The market has “room for everybody,” Dr. Williams concurs, “but with the customer in control, everybody has to step up their game. There’s no room for being complacent.”

 

 

Catherine Bolgar is a former managing editor of The Wall Street Journal Europe, now working as a freelance writer and editor with WSJ. Custom Studios in EMEA. For more from Catherine Bolgar, along with other industry experts, join the Future Realities discussion on LinkedIn.

Photos courtesy of iStock

How one company reduced design errors by 50%

By Alyssa
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Chongqing Yinhe Experimental Equipment Co. Ltd (CQYH) is China’s leading research organization.  It develops and manufactures environmental and reliability testing equipment both in series and for specific customer requirements. Its equipment is used by companies in the military, high tech, aerospace and automotive sectors around the world. While it is among the top three environmental instrument manufacturers in the world market, CQYH was facing increasing pressure from competitors. To stay ahead, they set a goal to improve development efficiency and to create a better user experience by focusing on creating products that promote the sustainable growth of its customers.

To accomplish this, they needed to re-engineer their order fulfillment cycle to accelerate delivery of products tailored to customer requirements. CQYH chose Dassault Systèmes’ 3DEXPERIENCE platform® and its Simple Solution Selection industry solution experience. One of the advantages to this new system is that they can input customer requirements and display them in a 3D model. The customer can review and validate the design then instantly confirm it for production. This has essentially eliminated the need for physical prototypes for customer review, which has accelerated order fulfillment by 50%.

The solution also facilities a better understanding of exactly with customers want, reducing design errors by 50%improving time to delivery and customer satisfaction.

To learn more about the benefits CQYH has seen through the 3DEXPERIENCE platform and Simple Solution Selection that have helped them more successfully compete on an international scale, read our recently-published case study.

To BIM or not to BIM?

By Akio
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The following article was originally published by Geoff Haines on the Desktop Engineering Blog and is reprinted with permission. 

clicktotweetClick to Tweet: To BIM or not to BIM?
@3DSAEC @Desktop_Eng


Geoffrey M. Haines, Desktop Engineering

Geoffrey M. Haines, BSc(Eng), ACGI, C Eng, MIMechE, FRSA

I can’t claim originality to this Shakespearean title which has suitable gravity for many companies in the construction industry. It was thought up by Dr Steve Lo of Bath University for a one-day conference I attended organised by the “Future Envelope” community of façade designers and manufacturers.

Drawing from members of the European Façade Networks, the Society of Façade Engineers and Centre for Window Cladding technology, the aim of the conference was to discuss how BIM can help or even hinder the design and construction process of building facades.

To start off, early presentations included how professionals and companies can gain accreditation to be BIM Level 2 compliant. This is a requirement for any building design and construction contract delivered to the UK government since April 2016. Hence it’s a hot topic and the explanations given by BRE (Building Research Establishment) on their BIM Level 2 certification process were received well.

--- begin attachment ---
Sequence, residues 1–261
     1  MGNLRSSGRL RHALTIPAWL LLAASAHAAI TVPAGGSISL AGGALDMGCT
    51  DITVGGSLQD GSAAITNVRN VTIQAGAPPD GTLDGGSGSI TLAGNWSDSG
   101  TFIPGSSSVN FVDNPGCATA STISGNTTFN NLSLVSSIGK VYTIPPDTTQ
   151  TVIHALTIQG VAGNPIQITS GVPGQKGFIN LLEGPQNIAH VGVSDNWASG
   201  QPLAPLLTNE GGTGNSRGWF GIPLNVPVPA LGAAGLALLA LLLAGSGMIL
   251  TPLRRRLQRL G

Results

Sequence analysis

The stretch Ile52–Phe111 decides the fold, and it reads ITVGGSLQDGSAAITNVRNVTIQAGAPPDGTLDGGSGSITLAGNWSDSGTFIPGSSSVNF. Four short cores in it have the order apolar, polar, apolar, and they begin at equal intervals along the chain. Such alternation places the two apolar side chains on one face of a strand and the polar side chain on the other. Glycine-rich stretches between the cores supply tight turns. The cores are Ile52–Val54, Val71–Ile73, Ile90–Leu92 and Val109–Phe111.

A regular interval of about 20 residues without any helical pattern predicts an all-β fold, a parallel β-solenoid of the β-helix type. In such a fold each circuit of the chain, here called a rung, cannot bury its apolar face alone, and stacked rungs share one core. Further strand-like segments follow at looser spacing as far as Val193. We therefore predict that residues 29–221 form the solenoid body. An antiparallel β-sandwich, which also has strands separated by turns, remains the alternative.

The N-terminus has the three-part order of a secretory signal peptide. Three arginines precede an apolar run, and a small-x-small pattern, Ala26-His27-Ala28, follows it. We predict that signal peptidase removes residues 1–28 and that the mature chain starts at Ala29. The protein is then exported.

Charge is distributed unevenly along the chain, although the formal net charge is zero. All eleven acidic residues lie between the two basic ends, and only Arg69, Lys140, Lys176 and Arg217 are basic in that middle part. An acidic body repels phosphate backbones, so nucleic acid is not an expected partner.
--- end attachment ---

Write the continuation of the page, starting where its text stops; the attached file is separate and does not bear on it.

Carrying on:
Certainly I see great opportunity for individual consultants to template the people, process and technology needs of BIM certification so smaller firms can overlay this on their business at minimum cost.

Other presentations discussed how both architects and engineers worked with different technologies to achieve the aim of clear communication of design intent.

Abdulmajid Karanouh of Ramboll gave a really thoughtful presentation discussing what architects really need to do to communicate to their supply chain.

What I really found interesting was the discussion on The Al-Bahr Towers, designed by Aedas of which Abdulmajid was part of the team. Aedas created a design specification that wasn’t a model, but a set of geometrical formulae and process that would create the design.

This is the ultimate “CAD’nostic” design.

Any CAD package that could be driven by some sort of scripting or formula could create this geometry – giving the geometrical definition of a 1000-person tower.

I found this approach quite revolutionary, taking the architect’s idea into a form that could be expressed mathematically – something my engineer’s brain could comprehend.

clicktotweetClick to Tweet: .@Aedas created not a model, but a set of formulas and processes to produce a design | #architecture #BIM @DesktopEng

Ultimately, when the selected suppliers all delivered their design information, this was all consolidated into the Dassault Systemes CATIA based technology to deliver a BIM model. This approach caused some real heated interchange about an architect’s definition of form.

Overall, the conclusion to the day was mixed – the smaller firms seeing it as an overhead, the larger firms seeing it as a necessity – but one thought overriding all this discussion was ‘who pays for it?’

In automotive and aerospace, we all know that that more upfront design activity delivers lower costs downstream.

In construction, these two activities are delivered by different bodies, with different earnings streams – extra costs in design delivers savings for contractors.

So I’ll leave you with this – how do we square this circle?

clicktotweetClick to Tweet: To BIM or not to BIM?
@3DSAEC @Desktop_Eng


by Geoff Haines


Related Resources

Desktop Engineering, UK

Facade Design for Fabrication

WHITEPAPER: Technological Changes Brought by BIM to Façade Design

VIDEO: Facade Design for Fabrication Demo